Monday, August 18, 2008

We should let families decide: Vote no on Initiated Measure 11

by Marv Buehner

Rapid City Journal, Sat August 16, 2008

In 2006, South Dakotans had a thorough and thoughtful debate about banning abortion, and we decided that such inflexible government intrusion into private medical decisions is wrong. Last year, our legislators seemed to accept the public’s message, rejecting another abortion ban attempt.

Now, activists are pushing another abortion ban on voters. Initiated Measure 11 is another ban to divide communities, waste precious resources and distract attention from the issues that really concern most South Dakotans. This ban also does nothing to address the larger issue of unintended pregnancies.

Anti-abortion extremists are still willing to bet South Dakota tax dollars that they can ban abortions nationwide. While it is frustrating to have to repeat this debate so soon, I trust that South Dakotans will again use their values and good judgment in resisting another measure that could do much more harm than good.

Measure 11 would only allow a doctor to end pregnancies for health concerns if facing a “serious risk of substantial and irreversible impairment of the functioning of a major bodily organ or system of the pregnant woman.” Rape and incest victims would be required to report details about the incident and the perpetrator to law enforcement officials before the pregnancy could be ended. The victim would then have to be subjected to DNA analysis, and the doctor would have to collect and transfer custody of fetal DNA samples to law enforcement.

Since the failure to meet these very difficult standards could result in the doctor spending 10 years in prison and paying a $25,000 fine, this medical decision would have to be made by attorneys representing the doctor and hospital — attorneys who have no responsibility to the welfare of women and families. Because no physician is likely to risk career and freedom to provide services under these circumstances, this measure is essentially a total ban on abortions, which South Dakotans just overwhelmingly rejected.

These abortion bans represent the misuse of millions of taxpayers’ dollars to promote a narrow ideology forcing big government into the most private aspects of citizens’ lives. When South Dakota ranks last in teacher salaries and school districts are deciding whether to cut music or student counseling, spending millions of dollars defending an unconstitutional abortion ban is a colossal waste of resources. Especially since South Dakota already has the most stringent regulations and one of the lowest abortion rates in America. But there is a way to further reduce the number of abortions in a fiscally conservative way.

It is estimated that every dollar spent on family planning saves $3 in health care costs related to pregnancy. It has been shown around the world that the most reliable and most cost-effective way to minimize abortions is to reduce the rate of unintended pregnancies, not to make them illegal.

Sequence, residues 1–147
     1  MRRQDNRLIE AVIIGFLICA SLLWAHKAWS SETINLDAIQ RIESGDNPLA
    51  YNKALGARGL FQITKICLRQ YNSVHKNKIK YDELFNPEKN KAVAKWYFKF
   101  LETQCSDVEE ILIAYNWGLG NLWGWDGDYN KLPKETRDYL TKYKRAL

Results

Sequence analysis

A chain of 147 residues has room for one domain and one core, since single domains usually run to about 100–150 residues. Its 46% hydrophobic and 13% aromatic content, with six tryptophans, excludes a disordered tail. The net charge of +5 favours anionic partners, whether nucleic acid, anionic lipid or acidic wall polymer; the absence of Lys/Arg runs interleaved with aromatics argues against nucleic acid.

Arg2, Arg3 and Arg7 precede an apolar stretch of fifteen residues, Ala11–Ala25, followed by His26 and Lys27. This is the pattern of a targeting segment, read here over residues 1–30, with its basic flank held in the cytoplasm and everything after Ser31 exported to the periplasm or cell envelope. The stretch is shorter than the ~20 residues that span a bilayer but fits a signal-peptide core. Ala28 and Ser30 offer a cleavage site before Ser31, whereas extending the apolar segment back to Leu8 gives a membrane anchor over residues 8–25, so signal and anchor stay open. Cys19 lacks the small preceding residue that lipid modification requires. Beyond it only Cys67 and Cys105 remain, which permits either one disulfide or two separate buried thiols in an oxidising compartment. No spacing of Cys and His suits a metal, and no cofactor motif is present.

It is time to move beyond abortion bans to public policies that will actually improve the health of our state and relieve the taxpayers of an unnecessary burden. Measure 11 further victimizes victims of sexual crimes, criminalizes medical care to sick pregnant women, and forces women to carry to term pregnancies that cannot survive outside the womb. Vote “no” on Measure 11 and urge our elected officials to begin addressing pregnancy prevention instead.

Thanks Marv, you said it well! The same page had Leslee Unruh's predictable rant that people that don't comprehensive health care for women hate babies.

If you don't think it's important to quietly vote 11 down again, I bring forward exhibit "A" from her typically sweet and innocuous defence of an absolutely brutal law:

It eliminates the use of abortion as a means of "birth control."

The quotes are code to her extremist base that she thinks birth control is simply a euphemism. For these social engineers this is just the beginning.

As we learned in 2006 These folks want to control women's choice of when and with whom to have children, it's that simple. They don't want our young people to understand birth control because they think it's wrong, which is okay, but they want to decide for everyone else.

Arguing with advocates like Leslee is useless because they are not interested in lowering the abortion rate, or the teen pregnancy rate.

As Russell Shorto of the NY Times back in 2006 ("Contra-Contraception", NYT, 5/7/2006) put it so well:

... [The anti-abortion conservative movement's] ultimate goal is not a number — the percentage of abortions or unintended pregnancies — but an ideal, a way for people to think and behave.

It's about control. Their control, not yours or your family's.

Now, who was Bob Ellis saying is anti-family, anti-American, and anti-God?

I mean, really.

Please work to defeat 11.


  1. Thanks for posting that, CP.

    More Magazine recently did an interesting article on Leslee Unruh. She lives in a parallel universe, certainly.